All “traumas” are indeed traumatizing – not just in terms of what they are doing to the readers but to their very content: suspects being killed, poor suspects being killed, poor minor suspects being killed, escalator accidents, and the more philosophical lack of choice in Trauma #3.

Trauma #2 began with “losing”; Trauma #3 began with precariousness. Is this what “Three Traumas” is doing, presenting itself with utmost certainty as a work touching on uncertainties – a defeatist tendency of some postmodernisms? What if the joke is that the work itself is unsure of what it is doing?

And it is at this point that I can voice out again how we frowned upon what looked like a gratifying (although this only seems so) act of artistic na pagsasalsal. It is okay to give the readers loads of uncertainty; those can make them think, pique themselves, chew on the work more attentively. It is okay to give the readers blankness and fleeting thoughts (as opposed to Big Truths) if only they point out substances and sort of solid ideas elsewhere, outside the work. What I appreciate in “Three Traumas” is precisely what I think is its main weakness as well: in what I interpret as a conscious rendition of incompletion in order to spit at notions of “organic unity” or the self-enclosed artwork, it also ended up lacking too much and flirting with meaningless haziness (yes, some hazy things are productive).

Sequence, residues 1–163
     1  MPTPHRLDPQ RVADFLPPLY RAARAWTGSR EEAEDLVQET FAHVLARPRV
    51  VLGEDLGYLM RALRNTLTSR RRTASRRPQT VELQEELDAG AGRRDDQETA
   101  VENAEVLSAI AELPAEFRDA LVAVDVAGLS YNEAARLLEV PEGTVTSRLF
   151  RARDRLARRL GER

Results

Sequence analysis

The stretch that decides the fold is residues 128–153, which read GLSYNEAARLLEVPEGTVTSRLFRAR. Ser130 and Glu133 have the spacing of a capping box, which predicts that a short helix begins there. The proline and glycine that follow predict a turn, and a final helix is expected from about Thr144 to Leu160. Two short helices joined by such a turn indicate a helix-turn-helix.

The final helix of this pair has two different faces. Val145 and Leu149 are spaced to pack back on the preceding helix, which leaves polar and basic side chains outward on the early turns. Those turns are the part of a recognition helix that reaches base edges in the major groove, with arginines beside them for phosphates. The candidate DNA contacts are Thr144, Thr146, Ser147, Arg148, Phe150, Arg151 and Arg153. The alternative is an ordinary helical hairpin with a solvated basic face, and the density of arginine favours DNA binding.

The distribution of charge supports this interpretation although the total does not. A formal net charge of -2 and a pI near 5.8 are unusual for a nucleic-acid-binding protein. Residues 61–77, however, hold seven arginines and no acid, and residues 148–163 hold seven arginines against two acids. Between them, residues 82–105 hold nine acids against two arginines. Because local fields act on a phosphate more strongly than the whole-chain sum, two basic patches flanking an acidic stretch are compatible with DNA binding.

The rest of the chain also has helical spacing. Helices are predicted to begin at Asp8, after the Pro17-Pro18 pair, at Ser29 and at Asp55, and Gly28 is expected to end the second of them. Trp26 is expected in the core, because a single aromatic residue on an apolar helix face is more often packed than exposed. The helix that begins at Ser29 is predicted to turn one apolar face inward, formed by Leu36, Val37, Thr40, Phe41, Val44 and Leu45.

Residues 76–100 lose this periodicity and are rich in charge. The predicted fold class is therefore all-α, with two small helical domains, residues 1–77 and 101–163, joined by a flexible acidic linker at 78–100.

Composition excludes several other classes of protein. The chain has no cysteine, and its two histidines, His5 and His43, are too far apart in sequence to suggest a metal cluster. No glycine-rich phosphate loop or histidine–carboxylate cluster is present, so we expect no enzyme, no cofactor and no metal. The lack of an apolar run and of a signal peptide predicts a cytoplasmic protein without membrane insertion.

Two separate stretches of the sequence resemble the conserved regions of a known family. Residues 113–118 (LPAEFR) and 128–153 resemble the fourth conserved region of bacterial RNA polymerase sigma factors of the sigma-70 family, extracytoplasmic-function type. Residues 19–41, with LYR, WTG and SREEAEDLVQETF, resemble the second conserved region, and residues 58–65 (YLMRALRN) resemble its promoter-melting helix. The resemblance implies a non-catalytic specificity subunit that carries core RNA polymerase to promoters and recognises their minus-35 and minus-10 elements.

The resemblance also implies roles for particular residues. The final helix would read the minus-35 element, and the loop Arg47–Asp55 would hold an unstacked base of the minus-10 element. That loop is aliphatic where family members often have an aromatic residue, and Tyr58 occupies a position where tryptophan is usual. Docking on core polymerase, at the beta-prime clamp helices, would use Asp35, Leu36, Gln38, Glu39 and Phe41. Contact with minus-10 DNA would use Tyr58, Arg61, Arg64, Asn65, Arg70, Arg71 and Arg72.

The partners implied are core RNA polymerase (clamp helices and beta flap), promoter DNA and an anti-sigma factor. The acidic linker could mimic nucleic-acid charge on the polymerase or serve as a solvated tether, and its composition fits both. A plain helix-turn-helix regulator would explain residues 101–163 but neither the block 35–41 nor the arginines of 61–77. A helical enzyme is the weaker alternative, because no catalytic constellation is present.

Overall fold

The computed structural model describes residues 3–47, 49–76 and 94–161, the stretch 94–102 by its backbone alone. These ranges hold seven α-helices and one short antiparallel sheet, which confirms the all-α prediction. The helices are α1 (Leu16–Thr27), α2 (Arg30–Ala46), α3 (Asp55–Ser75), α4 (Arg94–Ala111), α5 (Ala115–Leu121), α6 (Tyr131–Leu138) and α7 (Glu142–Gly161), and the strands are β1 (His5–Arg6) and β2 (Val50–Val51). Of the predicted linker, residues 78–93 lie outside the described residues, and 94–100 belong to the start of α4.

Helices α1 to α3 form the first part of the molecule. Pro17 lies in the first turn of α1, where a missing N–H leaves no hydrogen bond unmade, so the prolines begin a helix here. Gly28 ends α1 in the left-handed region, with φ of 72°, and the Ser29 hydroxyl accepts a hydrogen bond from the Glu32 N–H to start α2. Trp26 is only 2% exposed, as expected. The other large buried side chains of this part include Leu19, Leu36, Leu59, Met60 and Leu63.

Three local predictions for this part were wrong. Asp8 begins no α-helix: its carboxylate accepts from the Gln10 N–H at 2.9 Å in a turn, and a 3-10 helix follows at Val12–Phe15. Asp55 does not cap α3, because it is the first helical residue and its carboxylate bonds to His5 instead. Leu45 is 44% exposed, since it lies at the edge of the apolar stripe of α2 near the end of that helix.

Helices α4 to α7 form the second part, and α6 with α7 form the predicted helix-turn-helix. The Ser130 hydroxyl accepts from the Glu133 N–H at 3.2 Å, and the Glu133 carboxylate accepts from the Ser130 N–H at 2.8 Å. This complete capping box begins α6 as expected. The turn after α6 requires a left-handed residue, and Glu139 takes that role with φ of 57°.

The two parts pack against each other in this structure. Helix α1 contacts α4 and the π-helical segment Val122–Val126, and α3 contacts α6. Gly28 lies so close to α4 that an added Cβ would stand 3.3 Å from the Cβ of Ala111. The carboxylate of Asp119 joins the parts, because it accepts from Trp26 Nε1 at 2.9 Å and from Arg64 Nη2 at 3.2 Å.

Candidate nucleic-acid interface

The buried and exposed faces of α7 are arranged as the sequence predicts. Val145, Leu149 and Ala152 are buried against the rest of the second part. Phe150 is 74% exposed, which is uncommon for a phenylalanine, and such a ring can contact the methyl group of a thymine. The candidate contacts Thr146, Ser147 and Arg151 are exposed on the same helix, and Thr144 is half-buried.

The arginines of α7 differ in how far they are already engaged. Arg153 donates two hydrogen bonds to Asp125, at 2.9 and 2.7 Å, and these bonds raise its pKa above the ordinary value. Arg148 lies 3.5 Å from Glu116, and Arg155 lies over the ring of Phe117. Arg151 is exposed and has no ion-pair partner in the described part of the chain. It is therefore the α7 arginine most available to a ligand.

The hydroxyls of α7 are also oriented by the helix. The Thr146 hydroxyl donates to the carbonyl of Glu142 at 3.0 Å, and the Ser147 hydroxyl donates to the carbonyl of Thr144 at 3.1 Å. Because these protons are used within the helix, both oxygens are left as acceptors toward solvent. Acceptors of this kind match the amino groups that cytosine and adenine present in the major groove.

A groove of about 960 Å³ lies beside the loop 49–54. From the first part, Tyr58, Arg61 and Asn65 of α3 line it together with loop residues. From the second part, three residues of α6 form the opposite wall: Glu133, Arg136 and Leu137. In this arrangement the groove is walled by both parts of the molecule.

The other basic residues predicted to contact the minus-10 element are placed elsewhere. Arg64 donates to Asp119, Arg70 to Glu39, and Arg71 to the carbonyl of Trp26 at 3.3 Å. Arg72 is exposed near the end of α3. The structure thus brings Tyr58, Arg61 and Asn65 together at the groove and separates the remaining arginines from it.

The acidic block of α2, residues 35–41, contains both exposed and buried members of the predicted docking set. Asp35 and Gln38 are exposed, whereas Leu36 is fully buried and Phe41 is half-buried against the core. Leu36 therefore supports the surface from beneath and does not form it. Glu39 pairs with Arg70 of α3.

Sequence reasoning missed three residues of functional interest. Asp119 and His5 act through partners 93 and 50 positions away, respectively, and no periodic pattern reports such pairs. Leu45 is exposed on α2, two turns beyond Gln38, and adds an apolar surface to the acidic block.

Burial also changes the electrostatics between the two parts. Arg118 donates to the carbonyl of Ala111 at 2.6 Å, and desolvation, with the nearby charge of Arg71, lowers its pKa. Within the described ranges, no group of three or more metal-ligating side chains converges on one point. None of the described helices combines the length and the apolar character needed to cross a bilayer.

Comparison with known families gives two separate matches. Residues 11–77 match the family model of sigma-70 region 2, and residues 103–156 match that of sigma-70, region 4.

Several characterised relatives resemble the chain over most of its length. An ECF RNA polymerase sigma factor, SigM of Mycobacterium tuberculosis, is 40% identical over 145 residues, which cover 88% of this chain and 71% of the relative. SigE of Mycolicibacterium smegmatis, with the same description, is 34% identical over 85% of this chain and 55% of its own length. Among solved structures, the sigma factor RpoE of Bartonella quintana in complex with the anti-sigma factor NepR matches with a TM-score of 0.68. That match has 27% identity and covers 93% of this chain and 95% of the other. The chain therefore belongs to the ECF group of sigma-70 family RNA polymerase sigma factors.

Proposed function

Hence, two question that I think need to be asked by cultural workers – hardly novel questions but questions that are almost always important and, by virtue of being asked in varying contexts, gain new significance: the first one is a direct quote from Boris Groys, ““Who aestheticizes—to what purpose?” and (2) ang walang-kamatayang “para kanino?”